LONDON, ONT. -- The grass is being cut and sites readied at many overnight camping parks in Southern Ontario.

Of course, with the approaching May long weekend, you would normally expect that to be the case. But, as we all know, things are still far from ‘normal.'

Yet, a date on the calendar is circled at the parks.

“We are hoping to open all of our camping facilities on June 3. So, that includes seasonal campers, overnight campers, as well as our back-country camping as well,” states Steve Sauder at London’s Fanshawe Conservation Area.

Sauder, who represents the Upper Thames River Conservation Authority (UTRCA), says staff are eagerly anticipating the return of trailers.

Already seasonal units have begun to arrive at the park. They are permitted for set-up only.

Joel Steele, of Great Escape RV, has been hauling seasonal trailers to area campgrounds for the past three weeks.

Steele says the pandemic has not hurt business, as more and more people buy new and used trailers.

“I find this is the vacation option that everybody has right now with the restricted travel limits and other limitations.”

While overnight camping is not permitted yet at Fanshawe or at two other UTRCA facilities, Pittock and Wildwood, some conservation authorities and private sites have allowed seasonal campers to stay overnight with restrictions.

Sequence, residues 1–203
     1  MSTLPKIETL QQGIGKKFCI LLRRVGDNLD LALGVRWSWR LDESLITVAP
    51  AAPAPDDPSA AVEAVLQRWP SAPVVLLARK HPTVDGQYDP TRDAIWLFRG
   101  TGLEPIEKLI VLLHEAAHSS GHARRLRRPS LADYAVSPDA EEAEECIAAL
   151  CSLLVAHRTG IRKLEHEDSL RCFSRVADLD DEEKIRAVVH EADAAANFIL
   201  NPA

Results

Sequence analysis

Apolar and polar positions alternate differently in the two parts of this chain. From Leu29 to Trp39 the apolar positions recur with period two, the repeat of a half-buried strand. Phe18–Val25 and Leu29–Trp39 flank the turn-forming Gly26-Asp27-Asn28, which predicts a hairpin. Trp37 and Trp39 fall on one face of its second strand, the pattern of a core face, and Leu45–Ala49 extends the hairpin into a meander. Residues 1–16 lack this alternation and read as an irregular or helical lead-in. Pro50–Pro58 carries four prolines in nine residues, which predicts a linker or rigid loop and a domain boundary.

It has made Steele’s job a challenge.

“So far some are open to seasonal, some aren’t open at all. We are just allowed to get in, set-up the trailer, and then get right out of the park.”

Among those permitting seasonal campers, with restrictions, are Kettle Creek Conservation Authority, which operates Dalewood Conservation area near St. Thomas and the St. Clair Region Conservation Authority.

For those not holding one of those sites, there are still options.

Both Ontario Parks and Parks Canada have taken bookings for later in the summer, with the caveat that pandemic restrictions may force cancellations and refunds. It is the same policy at UTRCA.

But that has not stopped bookings from filling up, especially on weekends.

Still, if you are among those who waited, Sauder suggests weeknight camping.

“If people are thinking about getting out and making a reservation, weeknights is a way to go. Some people even camp and work at the same time.”

While overnight camping will not begin until the third, some camping areas are beginning to offer other services.

At UTRCA, for example, the park gates will open Friday. On the downside for users, that means fees will be charged.

On the upside, those fees will include more options including, for the first time this year, kayaks, canoes and some motorized boating at Wildwood and Fanshawe.

“At Fanshawe you will be able to have your small motorboat. Anything with a 9.9 horsepower motor and less, that will be allowed. That will be good news for people that enjoy fishing,” Sauder concludes.